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Innovative campaigns shortlisted for award

11 September 2017


Two innovative campaigns – one to raise awareness of a life-threatening condition, the other to raise awareness of research - have seen the James Paget University Hospital shortlisted for two top awards.

The Health Service Journal (HSJ) Awards have shortlisted the Trust’s Kissing Goodbye to Sepsis campaign in the Patient Safety category, while the #WhyWeDoResearch Twitter campaign has been shortlisted in the ‘Improving Care with Technology’ section.

The Kissing Goodbye to Sepsis campaign aims to raise awareness of this life-threatening condition to help identify and treat it quickly – which can be crucial to patient care and recovery.

Sepsis occurs when the body’s response to an infection injures its own tissues and organs. It can lead to shock, multiple organ failure and death if it not recognised early and treated promptly. Sepsis is one of the biggest killers. Every year there are 150,000 cases of Sepsis in the UK resulting in a staggering 44,000 deaths - more than bowel, breast and prostate cancer combined.

Since introducing the campaign the James Paget University Hospital has seen a positive change in culture brought about by the campaign, which encourages all health professional within the hospital to be alert for the symptoms.

Nurse Joan Pons-Laplana is leading the drive, with others, to help staff identify patients with Sepsis quickly, as administering anti-biotics within 60 minutes can save lives.

“It’s amazing to be shortlisted for an award. It has been the hard work of staff at the hospital that has made the James Paget one of the best and most improved in the country.

“When we started the campaign we were average in national tables, but this was not good enough. We formed a group including doctors and A& E nurses to see what could be done to improve awareness. We wanted every front line professional – anybody who came into contact with a patient – to be able to identify symptoms and to ask ‘could this be Sepsis?’.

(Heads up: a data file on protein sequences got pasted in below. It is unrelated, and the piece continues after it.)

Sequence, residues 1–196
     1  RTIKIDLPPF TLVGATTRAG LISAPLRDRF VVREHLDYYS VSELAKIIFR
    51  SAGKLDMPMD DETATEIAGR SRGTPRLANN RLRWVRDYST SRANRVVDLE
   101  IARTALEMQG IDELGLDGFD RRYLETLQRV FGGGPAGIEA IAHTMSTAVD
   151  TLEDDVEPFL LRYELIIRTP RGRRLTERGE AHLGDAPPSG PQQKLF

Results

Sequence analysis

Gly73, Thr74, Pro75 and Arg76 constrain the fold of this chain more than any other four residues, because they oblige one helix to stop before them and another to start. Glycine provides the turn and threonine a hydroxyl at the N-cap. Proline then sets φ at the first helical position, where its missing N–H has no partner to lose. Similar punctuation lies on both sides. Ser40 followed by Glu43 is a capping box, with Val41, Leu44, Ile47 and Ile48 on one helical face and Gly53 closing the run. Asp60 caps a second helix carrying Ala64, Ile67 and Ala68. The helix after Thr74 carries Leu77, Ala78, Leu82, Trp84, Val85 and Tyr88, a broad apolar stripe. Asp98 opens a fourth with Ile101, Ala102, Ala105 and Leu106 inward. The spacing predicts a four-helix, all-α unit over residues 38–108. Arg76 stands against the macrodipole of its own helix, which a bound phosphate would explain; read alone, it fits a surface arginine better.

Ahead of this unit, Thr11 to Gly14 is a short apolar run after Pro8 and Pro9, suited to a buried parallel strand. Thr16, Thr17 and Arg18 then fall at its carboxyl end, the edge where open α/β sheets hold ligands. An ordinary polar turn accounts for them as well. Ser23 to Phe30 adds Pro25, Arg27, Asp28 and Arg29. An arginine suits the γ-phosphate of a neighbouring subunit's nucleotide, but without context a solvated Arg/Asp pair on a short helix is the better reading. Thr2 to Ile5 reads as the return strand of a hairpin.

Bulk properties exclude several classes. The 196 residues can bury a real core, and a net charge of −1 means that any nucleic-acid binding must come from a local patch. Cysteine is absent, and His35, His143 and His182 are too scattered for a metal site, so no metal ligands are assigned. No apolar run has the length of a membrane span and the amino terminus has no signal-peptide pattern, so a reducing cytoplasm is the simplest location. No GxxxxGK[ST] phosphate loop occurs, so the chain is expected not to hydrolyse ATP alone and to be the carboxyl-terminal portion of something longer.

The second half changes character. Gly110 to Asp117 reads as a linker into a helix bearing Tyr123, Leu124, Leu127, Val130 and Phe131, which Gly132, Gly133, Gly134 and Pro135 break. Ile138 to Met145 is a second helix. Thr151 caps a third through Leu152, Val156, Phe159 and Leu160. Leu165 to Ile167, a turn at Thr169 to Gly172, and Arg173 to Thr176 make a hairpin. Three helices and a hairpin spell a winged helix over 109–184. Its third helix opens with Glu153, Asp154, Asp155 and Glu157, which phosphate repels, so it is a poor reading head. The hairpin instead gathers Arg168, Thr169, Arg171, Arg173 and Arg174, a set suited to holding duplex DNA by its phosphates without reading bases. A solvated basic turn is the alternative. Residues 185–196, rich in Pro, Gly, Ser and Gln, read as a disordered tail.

“When identifying Sepsis set observations are the key. We wanted to make it easy, so we created a new form on the back of the hospital’s observation chart with simple tick boxes to identify red flag symptoms and help recognise the condition – if any one of seven key factors are identified it is escalated. We also empowered nurses to be able to administer the anti-biotics if Sepsis was suspected, giving them the opportunity to intervene quickly.”

The James Paget University Hospital has increased the percentage of those treated within 60 minutes in A&E from 68% in July 2016 to 90% in July 2017. Those on wards treated within 90 minutes has increased from 58% to 86%.

Joan says; “There’s nothing better than knowing this work is saving lives and we’re now sharing this good practice with other trusts. By treating quickly we’re also reducing the length of patient stays in the hospital which has benefits for everyone.”

The #WhyWeDoResearch Twitter campaign has taken off world-wide after being launched by a senior research nurse at the James Paget. What started as a local initiative to highlight the importance of medical research quickly grew to achieve global success – with 50 million page impressions in the first year and thousands of Twitter users in the research community adopting it to share ideas and to raise awareness of their work and opportunities for patients and the wider public to get involved.

Julia Hunt, Director of Nursing said; “I’m delighted that the James Paget has been shortlisted for these prestigious awards, as it shows the excellent work that nurses are leading to drive innovation to improve our services for patients is being recognised at a national level. Coming so soon after the shortlisting for the Nursing Times Awards we’re really pleased that this work is being highlighted as good practice.”


Presentations will now be made to a judging panel before the winners are announced at the HSJ Awards ceremony in London on 22 November.